Studio: Newmarket Films (released Dec. 24)
Category: Adapted from Fechter’s play
Storyline: After 12 years in prison for child molestation, Walter (Kevin Bacon) begins the hard work of building a life: getting a job, meeting a woman (Kyra Sedgwick), winning back his family’s trust. He also must convince suspicious local cop Detective Lucas (Mos Def) — and himself — that he has the strength to resist preying on kids again.
About the script: Blown away by Fechter’s play, Kassell approached him about adapting it for the screen. Together, they transformed the story into a less talky, more internalized character study of a haunted man struggling to build a normal life. “I was more ruthless than Nicky was cutting my work,” says Fechter. “The idea was to show the story in pictures as much as possible.”
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Biggest challenge: “Avoiding the pitfalls of making him too sympathetic or too evil,” Kassell says. “Some people wanted to know why he became a pedophile. That didn’t interest me as much as the problem of here’s somebody who is guilty and has served his time and is haunted by his demons, and what is going to happen, and how are we as a society going to react?”
Breakthrough idea: “Nicky’s idea to put it into a lumberyard,” says Fechter. “It had great visuals and sounds. Also the lumberyard is a place where a diverse group of young men work and there’s this rough camaraderie going on there, which highlights Walter’s isolation.”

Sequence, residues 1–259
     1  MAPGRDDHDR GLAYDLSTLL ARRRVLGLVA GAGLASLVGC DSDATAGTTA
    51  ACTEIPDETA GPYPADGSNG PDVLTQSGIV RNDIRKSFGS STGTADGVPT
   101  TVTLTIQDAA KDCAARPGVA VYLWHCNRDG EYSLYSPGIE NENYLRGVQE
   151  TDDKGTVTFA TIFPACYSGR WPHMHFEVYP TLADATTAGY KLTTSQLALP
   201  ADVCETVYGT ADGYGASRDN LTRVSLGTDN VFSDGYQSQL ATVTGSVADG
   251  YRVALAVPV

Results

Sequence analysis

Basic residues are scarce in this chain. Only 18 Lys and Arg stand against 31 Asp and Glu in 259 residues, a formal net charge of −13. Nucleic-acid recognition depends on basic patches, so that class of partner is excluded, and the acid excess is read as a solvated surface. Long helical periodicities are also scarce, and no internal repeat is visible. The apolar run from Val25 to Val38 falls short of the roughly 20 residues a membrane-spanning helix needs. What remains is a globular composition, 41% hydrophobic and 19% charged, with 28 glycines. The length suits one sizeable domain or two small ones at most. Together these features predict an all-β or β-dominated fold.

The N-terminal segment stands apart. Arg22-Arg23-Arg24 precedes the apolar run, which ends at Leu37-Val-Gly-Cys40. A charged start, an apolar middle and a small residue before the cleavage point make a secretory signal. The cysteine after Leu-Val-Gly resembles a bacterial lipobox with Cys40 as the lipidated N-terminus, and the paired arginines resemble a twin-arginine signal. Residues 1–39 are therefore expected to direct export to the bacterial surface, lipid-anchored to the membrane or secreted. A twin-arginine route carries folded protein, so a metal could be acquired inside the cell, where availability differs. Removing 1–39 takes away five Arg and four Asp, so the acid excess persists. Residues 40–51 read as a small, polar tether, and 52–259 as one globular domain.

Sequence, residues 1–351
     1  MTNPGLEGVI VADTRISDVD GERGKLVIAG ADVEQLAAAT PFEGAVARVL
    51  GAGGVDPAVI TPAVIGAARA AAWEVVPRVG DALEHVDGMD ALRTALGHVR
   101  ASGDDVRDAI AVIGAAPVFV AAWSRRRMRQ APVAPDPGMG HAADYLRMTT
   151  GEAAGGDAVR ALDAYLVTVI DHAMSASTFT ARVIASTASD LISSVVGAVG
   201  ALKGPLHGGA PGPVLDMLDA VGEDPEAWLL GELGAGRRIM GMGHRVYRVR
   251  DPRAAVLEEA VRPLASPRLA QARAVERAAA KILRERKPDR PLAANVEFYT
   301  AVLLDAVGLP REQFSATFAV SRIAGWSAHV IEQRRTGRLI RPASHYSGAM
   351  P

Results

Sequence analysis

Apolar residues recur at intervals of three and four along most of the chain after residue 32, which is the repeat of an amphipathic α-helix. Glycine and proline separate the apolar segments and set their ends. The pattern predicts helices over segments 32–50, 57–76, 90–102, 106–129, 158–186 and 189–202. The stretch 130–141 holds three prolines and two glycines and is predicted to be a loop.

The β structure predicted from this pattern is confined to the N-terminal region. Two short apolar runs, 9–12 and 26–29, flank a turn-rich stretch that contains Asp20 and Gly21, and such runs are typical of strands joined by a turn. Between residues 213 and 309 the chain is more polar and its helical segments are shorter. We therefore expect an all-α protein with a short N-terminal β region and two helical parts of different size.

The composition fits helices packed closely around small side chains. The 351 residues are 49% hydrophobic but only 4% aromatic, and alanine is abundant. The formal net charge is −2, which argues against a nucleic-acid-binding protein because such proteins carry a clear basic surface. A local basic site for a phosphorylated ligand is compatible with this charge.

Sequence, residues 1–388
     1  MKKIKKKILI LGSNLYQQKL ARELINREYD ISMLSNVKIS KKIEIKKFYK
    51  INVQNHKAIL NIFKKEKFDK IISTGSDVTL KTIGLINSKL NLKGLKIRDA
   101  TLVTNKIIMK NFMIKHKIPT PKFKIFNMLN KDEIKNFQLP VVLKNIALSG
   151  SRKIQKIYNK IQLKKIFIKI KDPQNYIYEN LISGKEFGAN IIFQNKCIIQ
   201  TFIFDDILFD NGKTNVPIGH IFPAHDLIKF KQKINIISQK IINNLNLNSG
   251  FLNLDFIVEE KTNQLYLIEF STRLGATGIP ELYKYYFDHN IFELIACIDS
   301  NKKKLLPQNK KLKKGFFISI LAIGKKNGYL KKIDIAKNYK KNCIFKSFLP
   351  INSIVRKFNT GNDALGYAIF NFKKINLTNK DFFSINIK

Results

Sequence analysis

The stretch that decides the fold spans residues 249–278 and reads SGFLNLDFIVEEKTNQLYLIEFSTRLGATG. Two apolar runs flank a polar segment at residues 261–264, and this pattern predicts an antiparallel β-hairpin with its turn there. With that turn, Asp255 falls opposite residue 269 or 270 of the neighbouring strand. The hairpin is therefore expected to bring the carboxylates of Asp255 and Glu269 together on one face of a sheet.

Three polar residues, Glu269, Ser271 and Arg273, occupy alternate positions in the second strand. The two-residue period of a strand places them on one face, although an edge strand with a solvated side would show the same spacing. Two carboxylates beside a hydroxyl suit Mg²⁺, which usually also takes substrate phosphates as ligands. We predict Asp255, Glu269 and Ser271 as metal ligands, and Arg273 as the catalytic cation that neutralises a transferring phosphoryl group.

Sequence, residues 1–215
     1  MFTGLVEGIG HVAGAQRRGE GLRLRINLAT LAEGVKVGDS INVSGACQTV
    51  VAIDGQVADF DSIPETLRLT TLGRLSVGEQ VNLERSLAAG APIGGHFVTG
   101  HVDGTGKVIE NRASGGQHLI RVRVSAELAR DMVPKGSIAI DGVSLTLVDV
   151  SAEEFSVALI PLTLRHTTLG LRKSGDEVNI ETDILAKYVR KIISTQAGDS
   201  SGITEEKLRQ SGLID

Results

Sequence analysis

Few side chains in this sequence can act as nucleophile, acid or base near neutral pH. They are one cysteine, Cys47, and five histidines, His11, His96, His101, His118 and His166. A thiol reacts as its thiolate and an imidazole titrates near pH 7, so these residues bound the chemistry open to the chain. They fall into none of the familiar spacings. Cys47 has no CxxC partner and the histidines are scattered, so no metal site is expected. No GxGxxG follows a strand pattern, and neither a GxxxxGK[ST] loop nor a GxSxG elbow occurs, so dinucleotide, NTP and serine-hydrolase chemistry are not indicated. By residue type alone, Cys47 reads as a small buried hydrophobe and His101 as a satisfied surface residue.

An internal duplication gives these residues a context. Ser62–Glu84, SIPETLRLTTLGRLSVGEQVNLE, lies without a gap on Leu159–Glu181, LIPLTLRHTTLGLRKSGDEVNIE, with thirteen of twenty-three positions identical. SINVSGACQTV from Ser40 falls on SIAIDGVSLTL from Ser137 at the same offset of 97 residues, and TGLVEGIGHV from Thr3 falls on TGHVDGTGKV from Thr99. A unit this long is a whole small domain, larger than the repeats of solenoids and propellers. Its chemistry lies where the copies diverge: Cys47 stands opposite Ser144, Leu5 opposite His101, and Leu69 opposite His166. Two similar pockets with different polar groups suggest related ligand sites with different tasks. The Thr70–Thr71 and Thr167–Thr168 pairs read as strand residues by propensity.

Standout scene: “The scenes with Lucas are really charged,” says Fechter. “Walter is seen as being the predator, but now he’s the victim. You really see his vulnerability.” Kassell says, “At the same time, I felt sympathy for this cop, and to feel sympathy for him was amazing, to realize he’s seen horrific things and his point of view is entirely valid.”
Choice lines: Walter telling his therapist what he considers normal: “Normal is when I can see a girl, be near a girl, even talk to a girl and not think about … That’s my idea of normal.'”
Writers’ bios: “The Woodsman” is Kassell’s debut feature. While at NYU Film School, her short “Jaime” won the 1999 DGA female student filmmaker award. Her “The Green Hour” screened at Sundance 2002. She plans to direct an adaptation of Arthur Miller’s “The Ride Down Mt. Morgan,” starring Michael Douglas. Fechter’s plays have been staged widely and one of them, “The Last Cigarette,” was published in 2000. This is his first film.